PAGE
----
Spirited is a good word to describe Julie Zucker. It is the first word she uses to describe herself.
The 17-year-old Wayne Hills High School student can often be seen rushing through the hallways after school, going from one extra-curricular activity to another.
She is the senior class president, an editor of the school newspaper, editor-in-chief of the yearbook, and a member of the National Honor Society.
“People always ask me: ‘Do you ever think you are spreading yourself too thin?’ And I always answer no. I live for those moments where I’m running around, going from one activity to another.”
Zucker is also the school’s representative on the Wayne Board of Education. She is enrolled in the school’s AP Government course.
“Serving on the board has definitely been an eye-opening experience into what goes into the process of running the entire school system,” Zucker said. “There is definitely a learning curve. Before going into it, I had no knowledge of how it works. Little by little, I’m understanding more and more.”
Proactive is another adjective Zucker uses to describe herself. “I like seizing the opportunities that appear before me."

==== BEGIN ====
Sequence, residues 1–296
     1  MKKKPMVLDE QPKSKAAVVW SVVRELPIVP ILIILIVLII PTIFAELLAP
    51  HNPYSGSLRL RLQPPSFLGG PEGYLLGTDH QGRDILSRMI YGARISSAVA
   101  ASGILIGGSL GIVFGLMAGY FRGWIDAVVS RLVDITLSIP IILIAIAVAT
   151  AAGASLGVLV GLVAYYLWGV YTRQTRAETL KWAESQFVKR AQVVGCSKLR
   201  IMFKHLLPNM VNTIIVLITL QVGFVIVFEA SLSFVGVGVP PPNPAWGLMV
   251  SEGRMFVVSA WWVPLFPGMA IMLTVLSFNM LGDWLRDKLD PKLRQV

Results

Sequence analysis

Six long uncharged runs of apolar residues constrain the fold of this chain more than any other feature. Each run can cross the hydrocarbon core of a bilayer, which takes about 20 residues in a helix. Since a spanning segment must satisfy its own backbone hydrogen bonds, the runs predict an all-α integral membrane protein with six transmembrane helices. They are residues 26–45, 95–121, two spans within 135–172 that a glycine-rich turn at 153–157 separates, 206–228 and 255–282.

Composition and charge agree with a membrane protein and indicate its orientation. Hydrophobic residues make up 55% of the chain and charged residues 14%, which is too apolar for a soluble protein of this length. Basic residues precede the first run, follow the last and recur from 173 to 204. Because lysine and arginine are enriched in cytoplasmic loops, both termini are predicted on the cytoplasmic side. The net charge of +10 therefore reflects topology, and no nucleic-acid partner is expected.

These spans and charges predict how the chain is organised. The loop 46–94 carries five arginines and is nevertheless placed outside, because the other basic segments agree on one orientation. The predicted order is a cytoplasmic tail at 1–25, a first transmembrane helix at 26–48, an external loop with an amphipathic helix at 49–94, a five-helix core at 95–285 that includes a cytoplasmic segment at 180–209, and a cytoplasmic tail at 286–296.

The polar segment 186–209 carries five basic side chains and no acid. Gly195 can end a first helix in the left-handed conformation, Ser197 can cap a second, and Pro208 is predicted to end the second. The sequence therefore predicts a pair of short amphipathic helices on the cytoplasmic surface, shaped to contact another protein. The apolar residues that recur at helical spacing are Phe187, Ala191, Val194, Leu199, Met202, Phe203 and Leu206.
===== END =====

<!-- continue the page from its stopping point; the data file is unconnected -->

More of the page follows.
Zucker wants to attend the University of Michigan in the fall.
“It’s magnetic,” Zucker said of the university. “There is such a strong sense of school spirit there and that’s what I’m drawn to. I can picture myself there more than any other school I’ve looked at.”
Zucker would like to go into communications. She wants to work in Washington, D.C., someday, either for The Washington Post, as a speechwriter, or in public relations.
“The combination of taking AP Government and going to board of education meetings, and learning the different roles of government, has made me realize that I want to do something about how the government is run,” Zucker said. “I just don’t let things pass me by. That’s not who I am as a person.”
Despite what people may think of her, Zucker said she is just as much afraid of failing as anybody else.
“People always thing I’m confident, but I have a lot of insecurities,” Zucker said. “It’s okay to fail, but I want to succeed. Failing, I’m okay with that, as long as I can tell myself that I tried my hardest.”